If you search images for 'dog herding trials' they typically show pens made from hurdles.

So, a property would normally have it's perimeter fence made from plain or barbed wire depending on the stock being kept, a few larger enclosures maybe also made from the same, but to 'draft' animals from a larger group - like rams from ewes - they may use a small pen made from hurdles.

So, yeah, these pens could be made from traditional materials, but would need to be robust to take the knocks of animals in a confined space.

They're only meant to be temporary enclosures so work can be done on animals - tagging, drenching, hoof maintenance, collection for trucking to market, etc.

The traditional ones do look pretty though.
 
pollinator
Posts: 376
Location: San Diego, California
51
forest garden rabbit chicken food preservation building woodworking
  • Mark post as helpful
  • send pies
  • Quote
  • Report post to moderator

They're only meant to be temporary enclosures so work can be done on animals - tagging, drenching, hoof maintenance, collection for trucking to market, etc.  



Came here to say this same thing.

You could use one as a movable gate if you went with a fixed radial paddock shift system( all paddocks/pastures meeting up at a central point, then transfer livestock between paddocks), instead of having to purchase and mount multiple gates.
 
Nicole Alderman
master steward
Posts: 9089
Location: Pacific Northwest
3410
hugelkultur kids cat duck forest garden foraging fiber arts sheep wood heat homestead
  • Likes 1
  • Mark post as helpful
  • send pies
  • Quote
  • Report post to moderator

F Agricola wrote:The name is 'hurdle' not 'hurtle' ... unless that's the US version of misspelling English like colour/color, favour/favor, etc!



I'm probably just spelling it wrong! I can never remember is wattle fencing has Ds or Ts, either. I'm amazed I didn't spell hurdles "Hurttles"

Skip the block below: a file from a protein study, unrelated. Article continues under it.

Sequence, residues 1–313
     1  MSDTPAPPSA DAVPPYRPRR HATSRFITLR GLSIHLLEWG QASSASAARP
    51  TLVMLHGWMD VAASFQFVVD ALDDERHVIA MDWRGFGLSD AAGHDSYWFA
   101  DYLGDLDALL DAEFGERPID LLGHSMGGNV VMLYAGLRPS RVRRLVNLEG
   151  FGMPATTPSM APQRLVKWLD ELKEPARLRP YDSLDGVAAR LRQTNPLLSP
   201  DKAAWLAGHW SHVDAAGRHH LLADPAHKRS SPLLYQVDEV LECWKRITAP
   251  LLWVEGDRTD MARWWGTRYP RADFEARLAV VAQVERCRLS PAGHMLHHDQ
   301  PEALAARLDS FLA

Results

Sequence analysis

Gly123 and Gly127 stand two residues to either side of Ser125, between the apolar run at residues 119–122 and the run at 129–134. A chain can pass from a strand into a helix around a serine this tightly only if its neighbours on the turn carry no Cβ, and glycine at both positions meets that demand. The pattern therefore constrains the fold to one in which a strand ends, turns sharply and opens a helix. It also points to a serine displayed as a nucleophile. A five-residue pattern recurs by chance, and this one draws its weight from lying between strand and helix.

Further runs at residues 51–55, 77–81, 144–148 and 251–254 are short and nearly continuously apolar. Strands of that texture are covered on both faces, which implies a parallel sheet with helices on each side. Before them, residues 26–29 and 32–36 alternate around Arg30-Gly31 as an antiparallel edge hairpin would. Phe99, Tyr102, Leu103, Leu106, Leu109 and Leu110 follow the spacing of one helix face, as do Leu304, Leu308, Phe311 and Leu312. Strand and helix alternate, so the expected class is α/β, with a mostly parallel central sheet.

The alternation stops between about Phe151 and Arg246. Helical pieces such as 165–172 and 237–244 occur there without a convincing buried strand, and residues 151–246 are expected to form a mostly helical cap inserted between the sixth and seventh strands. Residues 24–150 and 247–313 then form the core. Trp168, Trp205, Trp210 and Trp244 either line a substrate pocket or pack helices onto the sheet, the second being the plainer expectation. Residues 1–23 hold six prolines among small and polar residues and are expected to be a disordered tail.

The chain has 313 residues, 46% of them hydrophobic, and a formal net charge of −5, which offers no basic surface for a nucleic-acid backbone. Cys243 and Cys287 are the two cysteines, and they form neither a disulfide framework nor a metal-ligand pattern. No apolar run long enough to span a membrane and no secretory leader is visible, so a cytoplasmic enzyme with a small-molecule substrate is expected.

pollinator
Posts: 944
Location: Victoria BC
93
  • Mark post as helpful
  • send pies
  • Quote
  • Report post to moderator
I've seen these made from wire and (2"? Certainly not larger..) pvc, quite large to make a mobile pen from 4 or 6 panels. They worked. They didn't work *well*, and I recall some broken pvc.. but despite being underbuilt the sheep did not escape.
 
pollinator
Posts: 2224
Location: Kent, UK - Zone 8
155
books composting toilet bee rocket stoves wood heat homestead
  • Likes 2
  • Mark post as helpful
  • send pies
  • Quote
  • Report post to moderator
These are a traditional fencing material here in the UK, but as has been said above they are for temporary lightweight fencing. Half a dozen panels can be lashed together and carried on a farmers back to the fields.

They are made from hazel poles, split down their length and woven. To make them, a jig is needed. Usually this is a heavy oak or chestnut beam laid on the ground. Holes are drilled where you want the uprights to be. I’m not doing this description justice.

Here is a video instead. Note that height and length is down to the users preference, and you can even make long lengths in situ, by driving the posts into the soil and weaving a continuous fence.

 
Let nothing stop you! Not even this tiny ad:
Taylor&Zach’s Bootcamp Journey
https://permies.com/t/115886/permaculture-projects/Taylor-Zach-Bootcamp-Journey
  • Post Reply Bookmark Topic Watch Topic
  • New Topic
Boost this thread!